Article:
ADHD and ADD Difference


Both ADHD and ADD are the same medical condition. The main difference between them is that some people with ADHD have symptoms of inattention, compared to those with ADD who have hyperactivity. The three subtypes of ADHD are inattentive type (also called "ADD"), hyperactive/impulsive type and combined type.

Both ADHD and ADD are the same medical condition, with the same symptoms, causes, and treatment.

In fact, both ADHD and ADD are the same medical condition. The terms are interchangeable, but they're not exactly the same thing.

ADD is an outdated term that has been replaced by "Attention Deficit Disorder," or ADD. It's important to remember that these two conditions are not different illnesses; they're just different names for the same thing!

There are three subtypes of ADHD.

There are three subtypes of ADHD.

  • Predominantly Inattentive Type: This type is characterized by inattention and Hyperactivity-Impulsivity, but not hypervigilance or mental health issues. People with this type may be unable to complete tasks that require sustained focus and attention to detail, such as schoolwork and household chores. They also may have difficulty maintaining personal relationships because they can’t follow through on promises made to others (e.g., missing deadlines).

  • Predominantly Hyperactive-Impulsive Type: These individuals experience more impulsivity than those who have primarily inattentional problems, although their level of hyperactivity is no greater than other children with ADHD (and often less). They may talk excessively or interrupt others during conversations or family gatherings; engage in “risky” behaviors like getting into fights; engage in physical activity despite safety concerns; engage in excessive gambling; use drugs/alcohol excessively despite adverse consequences; develop addictive personalities later in life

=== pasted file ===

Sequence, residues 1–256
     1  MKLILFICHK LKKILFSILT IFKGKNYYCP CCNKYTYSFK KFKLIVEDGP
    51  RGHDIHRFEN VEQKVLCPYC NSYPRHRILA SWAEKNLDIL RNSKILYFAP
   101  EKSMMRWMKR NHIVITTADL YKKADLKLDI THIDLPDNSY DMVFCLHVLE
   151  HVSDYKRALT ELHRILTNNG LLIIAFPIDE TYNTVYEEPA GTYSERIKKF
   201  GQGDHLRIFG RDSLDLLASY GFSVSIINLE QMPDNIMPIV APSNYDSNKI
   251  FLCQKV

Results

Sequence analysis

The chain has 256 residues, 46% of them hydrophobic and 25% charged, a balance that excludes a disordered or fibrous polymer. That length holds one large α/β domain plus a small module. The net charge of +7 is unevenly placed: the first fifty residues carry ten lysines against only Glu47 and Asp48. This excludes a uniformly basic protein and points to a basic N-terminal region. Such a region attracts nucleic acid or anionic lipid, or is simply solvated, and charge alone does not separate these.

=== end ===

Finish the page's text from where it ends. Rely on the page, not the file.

The term "ADD" is outdated, but is still commonly used.

The term "ADD" is outdated, but is still commonly used. This can be confusing for people who have not heard of ADD before.

It's important to note that the term "ADD" was originally intended to refer only to attention deficit disorder (ADHD) – a condition characterized by an excessive focus on short-term tasks and a lack of focus on long-term goals or consequences. It wasn't until later in the 20th century that we started using this term as shorthand for all forms of hyperactivity, impulsivity and distractibility; nowadays most people use it interchangeably with ADHD when referring specifically to its symptoms without any further explanation about what exactly causes them in different people

People with ADHD have a hard time focusing on tasks they find boring or uninteresting.

Attention deficit hyperactivity disorder (ADHD) is a condition that affects the brain and can cause a person to have trouble focusing on tasks they find boring or uninteresting. People with ADHD have difficulty paying attention and controlling their behavior, which makes it hard for them to focus on tasks they find less interesting than others.

People with ADHD may also have difficulties with organization, time management, decision-making, organization skills and follow-through. This makes it difficult for them to complete projects at school or work without making mistakes along the way.

There is no difference between ADHD and ADD, but many people still use the term "ADD."

The term "ADD" is outdated. Many people still use it, even though it's been replaced with the more accurate term "ADHD." ADD stands for attention deficit disorder, but it's not an actual condition. Instead, it describes a group of symptoms that can affect anyone at any age—not just children or teens with ADHD.

ADHD and ADD are two different conditions that have similar symptoms but very different causes and treatments. They are both also lifelong conditions; there's no cure yet for either one!


In summary, there is no difference between ADHD and ADD. However, many people use the term "ADD" because it's a shortened version of "attention deficit disorder," which was once considered a separate condition.

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